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Don't Go Overboard on Millennials

Written by Maddie Grant | on July 23, 2015 at 9:30 AM

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This may sound like odd advice from someone who wrote a book titled, “When Millennials Take Over,” but it’s important that we don’t become too obsessed with the Millennial generation right now. Yes, they are the largest generation in the history of the United States, and yes, I think it’s critical to learn about this generation’s perspective, given the unique and influential spot they hold in our history.


But in the end, they are merely another generation that will forever be sharing their power and influence with other generations in today’s workplace, and in your online community. If you put blinders on and focus only on the Millennials, you’ll get into as much trouble as you would if you ignored their power and influence.

So how do you strike a balance? Here are four ways to pay attention to Millennials’ needs without losing sight of everyone else’s.

1. Spend more time talking WITH them, rather than ABOUT them.

Learning about Millennials, as I’ve said many times, is important. They have a lot to teach us about being successful in this day and age. But remember, you can learn by simply including them in your conversations about what you’re doing. Invite some to your meetings. Include some in that conference call. When it comes to your online community, ask them directly how they want to engage and be engaged. This is diversity 101, but make sure those voices are part of the conversation and you’ll be doing a lot of learning. If the only way you learn is to go to another webinar on how to sell to the Millennial generation, then your results will be limited.

2. Avoid the mantra of WWMD (What Would Millennials Do).

Don’t design everything you do explicitly for the Millennials (unless, of course, they happen to be your precise target market!). While it’s important to design things that make sense to Millennials (e.g., don’t require your members to use outdated tools, and let people try before they have to buy), the Millennials’ needs are not necessarily going to be primary every time. In fact, one of the key principles of the Millennial era is customization—for everyone in your market, not just one segment of it—so pay attention to what the other generations want and need as well, or you’ll start to fall behind.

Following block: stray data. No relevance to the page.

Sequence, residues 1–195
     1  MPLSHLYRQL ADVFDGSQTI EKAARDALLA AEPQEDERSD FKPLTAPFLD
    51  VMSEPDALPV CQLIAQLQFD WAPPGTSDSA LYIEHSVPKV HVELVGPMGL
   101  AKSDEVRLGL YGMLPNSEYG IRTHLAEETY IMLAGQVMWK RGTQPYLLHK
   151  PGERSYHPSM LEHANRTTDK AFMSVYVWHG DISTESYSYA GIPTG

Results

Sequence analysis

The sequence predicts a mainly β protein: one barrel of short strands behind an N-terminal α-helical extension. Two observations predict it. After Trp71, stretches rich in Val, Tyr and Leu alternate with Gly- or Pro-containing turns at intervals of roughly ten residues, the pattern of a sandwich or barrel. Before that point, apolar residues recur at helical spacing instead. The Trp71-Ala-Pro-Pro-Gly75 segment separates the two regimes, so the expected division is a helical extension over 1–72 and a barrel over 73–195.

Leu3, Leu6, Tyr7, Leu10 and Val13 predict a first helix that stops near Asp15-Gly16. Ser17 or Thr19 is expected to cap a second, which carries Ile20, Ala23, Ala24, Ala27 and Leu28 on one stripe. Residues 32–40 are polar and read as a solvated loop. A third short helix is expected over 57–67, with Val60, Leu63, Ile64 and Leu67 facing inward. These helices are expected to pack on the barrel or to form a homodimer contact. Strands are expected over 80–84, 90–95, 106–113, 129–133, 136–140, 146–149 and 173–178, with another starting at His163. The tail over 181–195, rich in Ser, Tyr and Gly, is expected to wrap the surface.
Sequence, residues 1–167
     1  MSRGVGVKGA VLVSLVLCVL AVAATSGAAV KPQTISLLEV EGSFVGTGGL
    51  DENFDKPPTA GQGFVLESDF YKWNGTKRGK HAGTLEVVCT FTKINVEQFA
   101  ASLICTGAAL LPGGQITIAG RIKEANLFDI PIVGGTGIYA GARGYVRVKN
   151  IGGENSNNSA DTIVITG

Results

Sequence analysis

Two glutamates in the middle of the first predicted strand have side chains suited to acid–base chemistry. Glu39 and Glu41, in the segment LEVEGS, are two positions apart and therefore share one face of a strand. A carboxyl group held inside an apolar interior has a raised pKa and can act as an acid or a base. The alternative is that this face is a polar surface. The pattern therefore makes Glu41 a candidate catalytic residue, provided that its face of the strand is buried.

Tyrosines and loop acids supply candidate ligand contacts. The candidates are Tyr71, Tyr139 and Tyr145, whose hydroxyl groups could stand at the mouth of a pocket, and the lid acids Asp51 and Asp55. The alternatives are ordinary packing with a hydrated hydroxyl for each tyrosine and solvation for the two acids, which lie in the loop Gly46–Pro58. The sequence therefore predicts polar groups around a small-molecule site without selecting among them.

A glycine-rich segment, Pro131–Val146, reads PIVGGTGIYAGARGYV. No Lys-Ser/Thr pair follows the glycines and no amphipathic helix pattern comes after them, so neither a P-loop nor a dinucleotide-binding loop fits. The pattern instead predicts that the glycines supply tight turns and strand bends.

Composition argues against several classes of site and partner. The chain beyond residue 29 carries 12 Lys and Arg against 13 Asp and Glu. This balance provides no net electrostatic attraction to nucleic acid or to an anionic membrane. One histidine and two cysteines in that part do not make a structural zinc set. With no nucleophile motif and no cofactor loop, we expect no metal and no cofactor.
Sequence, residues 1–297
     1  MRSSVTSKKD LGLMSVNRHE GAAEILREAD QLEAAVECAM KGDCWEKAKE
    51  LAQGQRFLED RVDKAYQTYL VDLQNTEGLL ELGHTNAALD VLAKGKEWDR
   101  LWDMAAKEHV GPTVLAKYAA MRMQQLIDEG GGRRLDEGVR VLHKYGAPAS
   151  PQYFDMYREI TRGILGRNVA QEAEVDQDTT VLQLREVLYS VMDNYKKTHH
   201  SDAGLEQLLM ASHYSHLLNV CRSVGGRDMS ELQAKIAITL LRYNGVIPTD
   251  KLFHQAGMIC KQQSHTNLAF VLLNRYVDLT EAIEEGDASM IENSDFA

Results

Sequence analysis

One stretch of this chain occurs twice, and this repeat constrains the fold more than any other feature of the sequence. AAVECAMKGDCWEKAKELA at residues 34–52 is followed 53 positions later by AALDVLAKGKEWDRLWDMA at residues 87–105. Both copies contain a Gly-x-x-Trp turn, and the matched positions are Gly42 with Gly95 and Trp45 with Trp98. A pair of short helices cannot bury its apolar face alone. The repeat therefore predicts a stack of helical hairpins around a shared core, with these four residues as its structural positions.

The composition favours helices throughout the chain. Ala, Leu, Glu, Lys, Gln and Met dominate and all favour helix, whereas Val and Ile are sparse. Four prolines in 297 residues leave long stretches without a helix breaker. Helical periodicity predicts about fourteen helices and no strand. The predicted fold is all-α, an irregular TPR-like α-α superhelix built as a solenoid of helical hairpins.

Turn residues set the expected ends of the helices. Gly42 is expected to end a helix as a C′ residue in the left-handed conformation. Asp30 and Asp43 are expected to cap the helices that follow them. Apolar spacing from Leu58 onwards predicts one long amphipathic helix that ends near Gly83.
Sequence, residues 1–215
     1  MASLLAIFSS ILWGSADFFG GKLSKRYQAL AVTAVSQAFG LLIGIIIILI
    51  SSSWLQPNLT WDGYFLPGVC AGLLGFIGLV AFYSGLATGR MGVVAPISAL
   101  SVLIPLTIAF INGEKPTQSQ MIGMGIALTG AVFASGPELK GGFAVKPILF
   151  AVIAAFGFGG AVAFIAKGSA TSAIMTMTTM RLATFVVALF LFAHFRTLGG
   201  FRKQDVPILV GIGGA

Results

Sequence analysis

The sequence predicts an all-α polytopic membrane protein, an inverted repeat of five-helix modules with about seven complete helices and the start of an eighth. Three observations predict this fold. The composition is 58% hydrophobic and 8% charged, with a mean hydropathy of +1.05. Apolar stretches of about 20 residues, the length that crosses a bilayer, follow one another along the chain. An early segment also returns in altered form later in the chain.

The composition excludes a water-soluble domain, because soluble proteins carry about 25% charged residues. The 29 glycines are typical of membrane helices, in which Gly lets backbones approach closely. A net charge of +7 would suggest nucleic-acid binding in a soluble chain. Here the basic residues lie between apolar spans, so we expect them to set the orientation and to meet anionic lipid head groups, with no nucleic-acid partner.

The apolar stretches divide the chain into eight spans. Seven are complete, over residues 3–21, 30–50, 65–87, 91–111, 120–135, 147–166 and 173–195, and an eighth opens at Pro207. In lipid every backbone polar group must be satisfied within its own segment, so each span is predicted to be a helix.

3. Remember Millennials want access to more information and better context on the inner workings of the industry.

What that means in terms of your online community strategy is finding ways that Millennials can learn from the expertise of other generations. In one example, an organization we work with created forums where any member could learn about and comment on current industry standards, but in an informal way separate from their formal standards process. So “younger” members could get a taste for how standards development works and what kind of expertise you might need to get on a committee in the future.

4. Keep your eye on the prize: value.

In the end, your online community must exist not because a particular generation likes it, but because it creates enduring and meaningful value to stakeholders. That meaningful value will ebb and flow and change for any one individual over time, depending on the particular life stage and professional development. The better you are at the art and science of community building, and understanding how to bring in value at different stages, the more successful you will be regardless of the mix of generations.

 

This post is part of a series about Millennials and Online Community. Join us in the conversation!  



 

Topics: Millennials & Communities

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